After liberation, Jacqueline was taken to two chateaus where she learned sewing, which later helped her get a factory job when she returned to Paris. She migrated to Australia in 1949, aged 18, with the help of the OSE. Her brother joined her a year later.

Photograph of Jacqueline, her mother Paula and brother Charles in 1941, a year before they were forced into hiding. SJM Collection.

Jacobus Cornelis

Jacobus Cornelis was the son of Cornelia Berkelouw, born on 18 August 1925 in Rotterdam. Despite increasing persecution of Jews following the German occupation of the Netherlands, Cornelis was able to continue his schooling until the end of 1942. At some point after this Cornelis was interned and shipped east, but his train was bombed and he managed to escape. He found a farm near the forest in Beltrum where a family was willing to hide him along with a small group of other Jews. He hid from SS officers in a barrel of offal with a straw for air, and managed to stay concealed there despite the SS bayoneting the barrel. Afterwards the family walled him into the chimney where he stayed for three days while things died down. He spent the rest of the war in hiding on the farm.

Photograph of Jacobus Cornelis Berkelouw (second from the left), partially concealed in a haystack in April 1945 with a group of men who were hidden by a family in Beltrum, the Netherlands. SJM Collection.

Before the war the Berkelouw family was headed by Hartog Carel and his wife Henriette. They ran Berkelouw Books, a family business spanning four generations. Hartog had been instrumental in setting up the bookstore in Rotterdam, earning Berkelouw Books international esteem and membership to the prestigious International Antiquarian Booksellers Association. Hartog and Henriette’s children included Sientje, Hendrika, Cornelia (mother to Cornelis), Levie (Leo), Carel, Elizabeth and Isidoor; who mostly all worked at Berkelouw books. In May 1940, the business was bombed during the siege of Rotterdam.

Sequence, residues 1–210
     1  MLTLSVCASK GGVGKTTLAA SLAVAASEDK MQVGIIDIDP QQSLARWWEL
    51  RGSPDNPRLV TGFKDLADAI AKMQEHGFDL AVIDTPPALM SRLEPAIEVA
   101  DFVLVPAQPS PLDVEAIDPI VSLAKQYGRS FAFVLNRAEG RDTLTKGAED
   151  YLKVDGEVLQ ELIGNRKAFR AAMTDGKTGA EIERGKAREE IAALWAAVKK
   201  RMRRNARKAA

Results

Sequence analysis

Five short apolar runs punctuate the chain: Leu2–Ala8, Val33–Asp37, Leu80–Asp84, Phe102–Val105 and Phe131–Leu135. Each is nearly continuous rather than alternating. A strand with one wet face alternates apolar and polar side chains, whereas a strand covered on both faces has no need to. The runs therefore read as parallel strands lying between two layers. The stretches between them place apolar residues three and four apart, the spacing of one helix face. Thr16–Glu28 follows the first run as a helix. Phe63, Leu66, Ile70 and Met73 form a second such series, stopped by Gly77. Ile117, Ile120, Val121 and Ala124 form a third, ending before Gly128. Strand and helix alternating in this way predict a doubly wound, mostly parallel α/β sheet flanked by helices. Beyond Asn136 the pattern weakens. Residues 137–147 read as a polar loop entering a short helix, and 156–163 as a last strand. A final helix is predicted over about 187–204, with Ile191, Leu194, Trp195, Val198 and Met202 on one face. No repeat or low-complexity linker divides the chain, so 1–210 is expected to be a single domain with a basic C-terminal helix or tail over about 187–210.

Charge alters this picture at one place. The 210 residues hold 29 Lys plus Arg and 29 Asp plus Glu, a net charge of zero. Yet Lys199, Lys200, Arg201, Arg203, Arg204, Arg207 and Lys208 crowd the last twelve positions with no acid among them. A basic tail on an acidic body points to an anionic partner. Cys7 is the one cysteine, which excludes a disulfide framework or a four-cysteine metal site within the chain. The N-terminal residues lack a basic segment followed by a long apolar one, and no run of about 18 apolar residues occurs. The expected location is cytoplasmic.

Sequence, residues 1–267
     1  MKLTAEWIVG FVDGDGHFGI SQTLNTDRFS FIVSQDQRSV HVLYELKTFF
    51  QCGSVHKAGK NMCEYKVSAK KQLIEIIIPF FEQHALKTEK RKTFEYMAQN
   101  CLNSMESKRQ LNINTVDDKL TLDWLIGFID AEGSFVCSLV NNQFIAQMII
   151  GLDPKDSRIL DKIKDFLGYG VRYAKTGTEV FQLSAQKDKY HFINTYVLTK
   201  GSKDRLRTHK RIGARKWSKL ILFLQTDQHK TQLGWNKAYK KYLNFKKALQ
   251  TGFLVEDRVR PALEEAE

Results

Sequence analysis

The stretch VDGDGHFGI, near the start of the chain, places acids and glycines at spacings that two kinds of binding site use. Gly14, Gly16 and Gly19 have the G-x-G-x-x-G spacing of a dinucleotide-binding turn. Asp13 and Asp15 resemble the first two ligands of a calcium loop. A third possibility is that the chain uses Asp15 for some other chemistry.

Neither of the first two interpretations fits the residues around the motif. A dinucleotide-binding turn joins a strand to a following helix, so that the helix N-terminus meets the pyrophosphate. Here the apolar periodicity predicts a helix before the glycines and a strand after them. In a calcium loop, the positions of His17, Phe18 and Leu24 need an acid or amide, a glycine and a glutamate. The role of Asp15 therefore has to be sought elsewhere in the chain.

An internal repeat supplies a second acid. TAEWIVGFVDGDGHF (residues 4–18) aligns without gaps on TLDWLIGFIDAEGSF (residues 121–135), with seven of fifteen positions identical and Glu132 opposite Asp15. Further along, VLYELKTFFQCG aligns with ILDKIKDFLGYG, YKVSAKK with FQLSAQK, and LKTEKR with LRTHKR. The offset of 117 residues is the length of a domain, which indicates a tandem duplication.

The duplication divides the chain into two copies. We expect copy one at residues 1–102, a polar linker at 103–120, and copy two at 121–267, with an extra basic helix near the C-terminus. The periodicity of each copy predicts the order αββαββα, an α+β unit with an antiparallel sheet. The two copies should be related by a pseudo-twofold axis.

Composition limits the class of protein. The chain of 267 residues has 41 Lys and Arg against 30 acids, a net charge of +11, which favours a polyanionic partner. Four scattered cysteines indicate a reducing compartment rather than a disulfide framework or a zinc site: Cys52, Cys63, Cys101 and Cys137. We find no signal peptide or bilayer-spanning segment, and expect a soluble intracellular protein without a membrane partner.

Cornelis survived the war and went on to serve in the Dutch Army from 1946-49 in Java, Indonesia. He immigrated to Australia in 1949, arriving in Sydney on 11 October. His mother Cornelia died the following year. Leo, Isidoor and their families also made it to Australia, where Isidoor re-established Berkelouw Books. Hartog and Henriette, Sientje, Hendrika, Carel and Elizabeth were murdered during the Holocaust.

Photograph of Jacobus Cornelis Berkelouw (standing, eighth from the left) outisde the cottage near the forest in Beltrum, Netherlands, posing with a group of other Jewish men, women and children who spent the last years of the war together in hiding. SJM Collection.

Author: Erin Ramsay, Museum Curator and Registrar